If Hard Kill was the only film like Hard Kill on the top third of Willis’ lengthy IMDB page, then it might be dismissed as a forgivable folly, a fluke, one that got away from him. But these sorts of god-awful VOD bottom dwellers are becoming a bad habit for the once-high flying star of Die Hard, Pulp Fiction, and The Sixth Sense. They’re like career detours that lead to further detours that one keeps hoping will lead back to the mainstream Hollywood interstate.
The first one of these Willis cash-ins that I remember sitting through was 2015’s Vice—a chintzy and preposterous Westworld wannabe where the star sleep-walks his way through the role of a tech-whiz who runs a sex-and-sin virtual reality resort that caters to big-bucks clients itching to act out their sleaziest fantasies…until things, of course, go wrong. I don’t remember very much about it beyond the fact that it was every bit as derivative as its plot description probably sounds. That and the fact that Willis looked like he just didn’t care. And maybe he didn’t. Maybe he still doesn’t….
Willis isn’t the only fading star in the back nine of his career who’s leveraged his once-platinum standing with a bunch of quickly cranked-out VOD junk. These films, as disposable as they may be, have become a profitable safe harbor for actors of a certain age that exists on the quiet fringes of the 21st-century Hollywood ecosystem. A place where the offers never dry up, the checks always clear, and the films’ obscurity doesn’t mortally damage the star’s career too badly before the next big studio offer or interesting indie can land on their agent’s desk.
Like Willis, Nicolas Cage, Sylvester Stallone, Jason Statham, and John Travolta have all logged plenty of time going through this particular (and particularly lucrative) revolving door. It’s the Streaming Era’s equivalent of the straight-to-VHS garbage of the ‘80s and ‘90s—Roger Corman delivered directly to your living room or laptop. And yet, some of these slumming stars seem to put more heart and effort into these movies than others. Take Travolta. After all, say what you will about Gotti and its scarlet-letter 0% Rotten Tomatoes rating—and, no, I’m not about to go to the mat defending it—but at least he really went for something with his balls-out over-stylized performance. Is it a good performance? Maybe not. But he wasn’t phoning it in for a second.
But some, like Willis, can’t seem to mask their disdain for these movies. You can see it all over their faces as they half-step through the motions, showing brief little glimmers of the tics and traits that made them famous, teasing you like a burlesque artist who has no intention of giving you the full thrill. It’s as if they’re so insulted by having to appear in these films—and by the way, they don’t have to appear in them—that their contempt (for the material, for the state of their careers, for that indelible blemish on their CVs) oozes off the small screen like some foul-smelling toxic sludge.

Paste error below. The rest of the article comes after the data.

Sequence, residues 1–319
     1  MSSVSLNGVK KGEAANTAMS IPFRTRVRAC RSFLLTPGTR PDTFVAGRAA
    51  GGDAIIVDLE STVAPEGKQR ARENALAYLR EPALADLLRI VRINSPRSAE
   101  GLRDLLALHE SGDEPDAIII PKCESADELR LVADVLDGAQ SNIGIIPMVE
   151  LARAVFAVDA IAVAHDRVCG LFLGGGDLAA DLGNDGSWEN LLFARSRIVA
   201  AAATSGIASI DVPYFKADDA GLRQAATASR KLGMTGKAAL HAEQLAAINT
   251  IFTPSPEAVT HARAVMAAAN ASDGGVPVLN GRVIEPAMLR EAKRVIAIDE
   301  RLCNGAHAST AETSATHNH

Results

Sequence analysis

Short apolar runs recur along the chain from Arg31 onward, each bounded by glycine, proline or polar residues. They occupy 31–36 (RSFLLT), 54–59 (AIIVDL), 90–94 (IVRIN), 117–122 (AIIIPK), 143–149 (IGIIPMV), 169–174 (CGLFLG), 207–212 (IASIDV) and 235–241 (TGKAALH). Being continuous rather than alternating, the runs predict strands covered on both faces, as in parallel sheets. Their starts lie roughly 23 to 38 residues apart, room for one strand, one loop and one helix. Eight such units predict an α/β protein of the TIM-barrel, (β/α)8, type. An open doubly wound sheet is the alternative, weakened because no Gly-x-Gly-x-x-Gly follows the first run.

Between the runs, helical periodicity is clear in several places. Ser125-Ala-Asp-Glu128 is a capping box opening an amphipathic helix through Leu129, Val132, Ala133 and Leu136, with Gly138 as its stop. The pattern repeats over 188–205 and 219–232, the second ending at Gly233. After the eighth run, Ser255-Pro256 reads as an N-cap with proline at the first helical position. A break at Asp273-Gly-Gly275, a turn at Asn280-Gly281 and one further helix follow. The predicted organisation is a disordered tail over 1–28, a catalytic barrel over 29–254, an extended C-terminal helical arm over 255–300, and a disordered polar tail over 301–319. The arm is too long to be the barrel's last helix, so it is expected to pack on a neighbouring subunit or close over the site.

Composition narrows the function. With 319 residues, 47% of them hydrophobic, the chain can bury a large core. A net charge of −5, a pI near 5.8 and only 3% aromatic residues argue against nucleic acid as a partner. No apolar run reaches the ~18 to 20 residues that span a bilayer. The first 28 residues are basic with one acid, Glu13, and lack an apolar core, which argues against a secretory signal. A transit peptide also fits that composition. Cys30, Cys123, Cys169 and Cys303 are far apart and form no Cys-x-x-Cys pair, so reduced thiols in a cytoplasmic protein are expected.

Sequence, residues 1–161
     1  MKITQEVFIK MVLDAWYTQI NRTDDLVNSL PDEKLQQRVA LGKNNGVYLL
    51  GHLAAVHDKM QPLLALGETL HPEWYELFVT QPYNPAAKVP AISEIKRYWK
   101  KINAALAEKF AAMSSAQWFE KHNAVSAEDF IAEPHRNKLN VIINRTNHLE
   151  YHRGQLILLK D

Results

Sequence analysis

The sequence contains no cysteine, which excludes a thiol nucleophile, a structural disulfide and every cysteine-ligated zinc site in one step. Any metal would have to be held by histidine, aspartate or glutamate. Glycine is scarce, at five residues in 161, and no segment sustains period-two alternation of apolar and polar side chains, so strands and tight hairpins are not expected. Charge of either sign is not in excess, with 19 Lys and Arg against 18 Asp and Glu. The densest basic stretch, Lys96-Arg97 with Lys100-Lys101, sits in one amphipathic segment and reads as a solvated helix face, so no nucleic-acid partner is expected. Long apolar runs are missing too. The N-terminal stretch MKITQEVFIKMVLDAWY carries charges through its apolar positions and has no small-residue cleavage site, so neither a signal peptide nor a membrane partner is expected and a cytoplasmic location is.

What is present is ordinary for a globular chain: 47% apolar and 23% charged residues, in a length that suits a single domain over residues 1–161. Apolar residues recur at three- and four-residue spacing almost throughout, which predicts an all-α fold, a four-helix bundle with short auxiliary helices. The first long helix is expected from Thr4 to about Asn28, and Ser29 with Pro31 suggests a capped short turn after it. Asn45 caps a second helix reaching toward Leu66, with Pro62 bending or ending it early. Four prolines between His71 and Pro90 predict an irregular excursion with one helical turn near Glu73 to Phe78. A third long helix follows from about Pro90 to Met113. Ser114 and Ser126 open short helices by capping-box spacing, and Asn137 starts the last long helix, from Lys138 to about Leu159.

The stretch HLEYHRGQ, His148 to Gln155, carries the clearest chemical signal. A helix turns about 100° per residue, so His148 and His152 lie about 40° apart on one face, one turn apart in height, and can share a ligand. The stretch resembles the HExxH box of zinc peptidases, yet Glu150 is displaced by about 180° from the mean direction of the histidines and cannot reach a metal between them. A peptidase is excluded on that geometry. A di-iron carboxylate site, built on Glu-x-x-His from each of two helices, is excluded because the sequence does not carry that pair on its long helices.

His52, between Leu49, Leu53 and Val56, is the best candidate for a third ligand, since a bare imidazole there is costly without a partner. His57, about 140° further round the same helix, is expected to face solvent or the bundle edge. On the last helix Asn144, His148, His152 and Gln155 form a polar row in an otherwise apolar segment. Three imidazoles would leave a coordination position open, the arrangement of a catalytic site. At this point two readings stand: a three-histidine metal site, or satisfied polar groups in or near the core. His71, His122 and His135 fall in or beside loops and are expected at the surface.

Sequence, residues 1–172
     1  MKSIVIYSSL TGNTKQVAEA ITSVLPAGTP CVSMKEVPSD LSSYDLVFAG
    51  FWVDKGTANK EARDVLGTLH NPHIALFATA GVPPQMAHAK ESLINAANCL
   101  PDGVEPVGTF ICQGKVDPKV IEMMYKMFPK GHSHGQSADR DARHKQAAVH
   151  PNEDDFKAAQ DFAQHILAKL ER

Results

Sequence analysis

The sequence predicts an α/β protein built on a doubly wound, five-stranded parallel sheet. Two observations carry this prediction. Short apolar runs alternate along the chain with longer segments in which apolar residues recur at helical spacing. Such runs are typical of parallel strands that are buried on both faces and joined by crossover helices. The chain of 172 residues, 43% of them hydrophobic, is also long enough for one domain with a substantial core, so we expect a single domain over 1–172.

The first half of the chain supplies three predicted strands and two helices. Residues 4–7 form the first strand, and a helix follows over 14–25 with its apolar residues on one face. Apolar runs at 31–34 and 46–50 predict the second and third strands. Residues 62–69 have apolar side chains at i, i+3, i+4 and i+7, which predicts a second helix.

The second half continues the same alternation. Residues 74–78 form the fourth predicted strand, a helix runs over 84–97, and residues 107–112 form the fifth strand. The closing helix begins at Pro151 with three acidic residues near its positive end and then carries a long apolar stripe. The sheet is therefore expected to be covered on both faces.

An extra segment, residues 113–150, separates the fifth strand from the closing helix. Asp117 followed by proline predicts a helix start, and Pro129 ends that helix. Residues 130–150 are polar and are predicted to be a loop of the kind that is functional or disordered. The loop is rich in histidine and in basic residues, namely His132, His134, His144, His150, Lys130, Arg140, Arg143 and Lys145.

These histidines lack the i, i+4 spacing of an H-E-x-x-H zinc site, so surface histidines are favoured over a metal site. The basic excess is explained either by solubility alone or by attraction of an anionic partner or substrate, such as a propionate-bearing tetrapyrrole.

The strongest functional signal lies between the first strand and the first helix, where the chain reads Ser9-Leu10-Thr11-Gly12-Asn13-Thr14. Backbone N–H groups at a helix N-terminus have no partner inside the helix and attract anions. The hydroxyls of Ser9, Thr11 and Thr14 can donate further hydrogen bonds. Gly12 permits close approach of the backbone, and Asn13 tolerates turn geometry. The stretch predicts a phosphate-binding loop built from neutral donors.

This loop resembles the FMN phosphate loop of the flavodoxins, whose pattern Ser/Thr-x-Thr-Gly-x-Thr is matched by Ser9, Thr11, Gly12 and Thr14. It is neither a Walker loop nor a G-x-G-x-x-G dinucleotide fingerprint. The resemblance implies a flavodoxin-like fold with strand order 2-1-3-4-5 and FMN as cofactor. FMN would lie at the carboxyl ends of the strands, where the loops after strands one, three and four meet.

So the question is: Why? Why do Willis and his VOD peers keep making these movies? Some of it, I suspect, is ego. There’s no profit in being an out-of-work actor (literally and figuratively). It’s nice to work and be wanted. Some of it probably has to do with the financial imperatives of keeping a lavish lifestyle running. Once you’ve lived like a star who would want to stop? Some of it may be an inner drive to be seen a certain way by your fanbase. It’s gotta be pretty badass to be known as an international action hero, so why go through the sting of recalibrating to playing grandads in Cocoon III? In fact, there’s a whole Expendables franchise that exists beneath this psychological scaffolding. And then there may be the fact that Willis was never considered to be a plays-well-with-others kind of guy on the way up—and even less so on the way down, as Kevin Smith has exhaustively pointed out in his many one-man stage shows about his surreal and soul-crushing experiences working with the actor on Live Free or Die Hard and Cop Out. So maybe it’s just some sort of karmic celebrity retribution. I can’t crawl inside of his head and say for sure.
Still, in the end, it isn’t Willis who’s the victim here. He’s not the one who should feel superior to or insulted by his flood of bargain-bin VOD release over the past decade. It’s us, the die-hard fans who still cling to a seemingly bottomless reserve of goodwill for the actor to the extent that we’re willing to wager five bucks in the not-unreasonable hope that we’ll be entertained for 90 minutes by a movie called Vice or Catch .44 or Once Upon a Time in Venice or, yes, even Hard Kill. Unfortunately, nine times out of ten these days, it turns out to be a sucker’s bet.